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This is one of four colour studies linked by Eric Shanes with varying degrees of certainty to the watercolour of about 1836 showing the castle at Criccieth, near Porthmadog, Gwynedd, on its headland looking overlooking Tremadog Bay to the south (British Museum, London);1 it was engraved as Crickieth [sic] Castle, North Wales in 1837 for the Picturesque Views in England and Wales (Tate impressions: T04610, T06126).2 The others are Tate D25170, D25174 and D25293 (Turner Bequest CCLXIII 48, 52, 171). Of three pencil sketches of Criccieth in the 1798 North Wales sketchbook (Tate D01378–D01380; Turner Bequest XXXIX 23, 24, 25), D01379 is closest to the finished watercolour, though with considerable differences.
If this is a preliminary idea for a Criccieth view, it is a major variation: the developed design shows the castle and its headland on the skyline in the left-hand half of the composition, bright against a stormy sky, whereas here there is the pale form of what appears to be a cliff of steep hillside towards the far right. Despite Shanes’s suggestion, it has continued to be exhibited with titles derived from Finberg’s ‘Breakers on coast: stormy effect’. Shanes also compared the present work3 to the oil painting Life-Boat and Manby Apparatus Going Off to a Stranded Vessel Making Signal (Blue Lights) of Distress, exhibited at the Royal Academy in 1831 (Victoria and Albert Museum, London),4 with its billowing dark clouds to the left and clearer sky to the right over the level horizon of sea and beach.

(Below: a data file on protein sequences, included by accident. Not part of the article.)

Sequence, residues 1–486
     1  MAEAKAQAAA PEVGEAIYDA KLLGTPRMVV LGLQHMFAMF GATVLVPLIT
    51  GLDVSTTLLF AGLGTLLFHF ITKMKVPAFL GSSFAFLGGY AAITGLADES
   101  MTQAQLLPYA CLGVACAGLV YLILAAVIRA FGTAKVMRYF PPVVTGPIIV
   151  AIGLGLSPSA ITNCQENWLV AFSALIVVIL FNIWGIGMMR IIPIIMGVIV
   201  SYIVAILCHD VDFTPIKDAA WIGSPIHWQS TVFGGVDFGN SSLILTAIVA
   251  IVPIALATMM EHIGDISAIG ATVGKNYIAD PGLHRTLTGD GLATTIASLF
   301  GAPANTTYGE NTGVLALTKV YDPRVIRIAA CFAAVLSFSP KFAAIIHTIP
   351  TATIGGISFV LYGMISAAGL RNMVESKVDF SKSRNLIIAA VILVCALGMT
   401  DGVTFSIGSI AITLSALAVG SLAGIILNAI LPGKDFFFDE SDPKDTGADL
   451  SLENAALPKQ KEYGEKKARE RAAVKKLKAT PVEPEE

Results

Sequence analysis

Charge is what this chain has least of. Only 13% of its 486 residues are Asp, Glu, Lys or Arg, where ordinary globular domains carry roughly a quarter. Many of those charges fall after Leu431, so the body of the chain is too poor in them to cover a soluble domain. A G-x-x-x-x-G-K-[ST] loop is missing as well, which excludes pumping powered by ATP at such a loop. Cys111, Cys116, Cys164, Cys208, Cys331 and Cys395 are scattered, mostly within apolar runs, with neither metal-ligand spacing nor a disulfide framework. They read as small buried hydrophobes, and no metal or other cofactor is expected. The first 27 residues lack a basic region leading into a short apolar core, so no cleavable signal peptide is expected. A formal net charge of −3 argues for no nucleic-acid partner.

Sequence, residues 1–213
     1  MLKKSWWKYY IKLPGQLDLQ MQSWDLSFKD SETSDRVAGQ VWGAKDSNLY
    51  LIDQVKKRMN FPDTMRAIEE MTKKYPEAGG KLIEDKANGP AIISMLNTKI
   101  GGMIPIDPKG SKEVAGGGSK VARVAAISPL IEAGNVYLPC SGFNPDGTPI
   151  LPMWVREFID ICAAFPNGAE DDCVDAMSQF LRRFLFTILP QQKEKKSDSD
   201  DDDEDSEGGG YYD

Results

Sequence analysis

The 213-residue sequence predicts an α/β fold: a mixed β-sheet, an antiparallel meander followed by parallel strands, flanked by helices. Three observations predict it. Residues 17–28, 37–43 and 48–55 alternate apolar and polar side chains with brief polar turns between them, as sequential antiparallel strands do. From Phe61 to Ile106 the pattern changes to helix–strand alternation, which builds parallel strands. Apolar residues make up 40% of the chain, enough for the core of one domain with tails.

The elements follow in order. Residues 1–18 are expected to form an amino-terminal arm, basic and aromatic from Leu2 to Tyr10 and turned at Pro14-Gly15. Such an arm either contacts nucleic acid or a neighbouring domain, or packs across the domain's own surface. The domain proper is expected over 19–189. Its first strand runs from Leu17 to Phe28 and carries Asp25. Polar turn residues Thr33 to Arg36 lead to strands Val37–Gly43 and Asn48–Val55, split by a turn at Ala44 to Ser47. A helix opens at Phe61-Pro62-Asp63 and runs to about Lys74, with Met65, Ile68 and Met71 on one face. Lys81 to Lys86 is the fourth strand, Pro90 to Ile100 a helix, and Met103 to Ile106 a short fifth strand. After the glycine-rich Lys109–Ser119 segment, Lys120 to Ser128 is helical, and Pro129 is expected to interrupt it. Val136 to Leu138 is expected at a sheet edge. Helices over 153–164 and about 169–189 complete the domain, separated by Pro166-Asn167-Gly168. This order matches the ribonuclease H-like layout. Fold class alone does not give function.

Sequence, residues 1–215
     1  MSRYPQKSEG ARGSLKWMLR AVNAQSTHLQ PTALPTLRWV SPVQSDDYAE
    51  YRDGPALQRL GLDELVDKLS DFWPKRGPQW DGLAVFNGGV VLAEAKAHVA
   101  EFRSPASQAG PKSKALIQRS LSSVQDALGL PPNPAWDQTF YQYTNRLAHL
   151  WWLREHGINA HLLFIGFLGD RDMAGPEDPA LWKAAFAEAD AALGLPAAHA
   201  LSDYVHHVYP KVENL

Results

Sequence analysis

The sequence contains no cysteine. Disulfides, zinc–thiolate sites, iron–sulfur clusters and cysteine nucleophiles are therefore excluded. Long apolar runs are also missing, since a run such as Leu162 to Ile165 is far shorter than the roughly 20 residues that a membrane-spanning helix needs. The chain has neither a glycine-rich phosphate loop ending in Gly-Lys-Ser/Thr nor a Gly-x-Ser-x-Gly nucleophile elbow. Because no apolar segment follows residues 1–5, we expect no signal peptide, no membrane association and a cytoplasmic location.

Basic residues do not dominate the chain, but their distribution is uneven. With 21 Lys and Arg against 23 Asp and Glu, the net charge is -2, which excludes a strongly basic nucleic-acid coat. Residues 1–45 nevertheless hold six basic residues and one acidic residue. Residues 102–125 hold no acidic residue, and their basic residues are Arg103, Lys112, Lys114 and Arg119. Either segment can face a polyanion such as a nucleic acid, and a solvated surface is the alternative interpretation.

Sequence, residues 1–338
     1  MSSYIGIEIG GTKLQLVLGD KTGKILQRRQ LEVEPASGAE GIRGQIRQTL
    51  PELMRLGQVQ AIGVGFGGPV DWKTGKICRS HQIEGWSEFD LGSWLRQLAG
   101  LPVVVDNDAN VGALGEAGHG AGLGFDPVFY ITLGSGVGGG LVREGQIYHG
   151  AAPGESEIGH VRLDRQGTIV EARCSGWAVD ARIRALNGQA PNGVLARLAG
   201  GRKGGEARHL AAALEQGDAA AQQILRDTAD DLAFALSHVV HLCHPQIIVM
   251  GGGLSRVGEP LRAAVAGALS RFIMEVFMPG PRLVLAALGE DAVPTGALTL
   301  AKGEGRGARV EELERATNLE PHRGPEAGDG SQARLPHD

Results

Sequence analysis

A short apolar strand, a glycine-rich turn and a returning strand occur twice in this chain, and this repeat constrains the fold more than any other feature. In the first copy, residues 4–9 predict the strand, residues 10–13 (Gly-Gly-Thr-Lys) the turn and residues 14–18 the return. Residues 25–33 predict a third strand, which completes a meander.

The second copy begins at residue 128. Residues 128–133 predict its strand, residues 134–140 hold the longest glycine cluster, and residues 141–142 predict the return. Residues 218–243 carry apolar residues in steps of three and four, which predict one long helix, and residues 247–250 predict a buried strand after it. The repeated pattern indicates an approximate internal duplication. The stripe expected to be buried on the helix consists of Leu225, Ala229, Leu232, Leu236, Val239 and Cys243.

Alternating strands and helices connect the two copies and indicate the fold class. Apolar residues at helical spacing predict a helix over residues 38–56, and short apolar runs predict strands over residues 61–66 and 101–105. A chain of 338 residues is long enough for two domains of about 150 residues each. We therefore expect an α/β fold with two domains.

See also Tate D25176 (Turner Bequest CCLXIII 54), which Finberg thought possibly showed Criccieth, but which may be of Conway Castle, the introductions to the present subsection of identified subjects and the overall England and Wales ‘colour beginnings’ grouping to which this work has been assigned.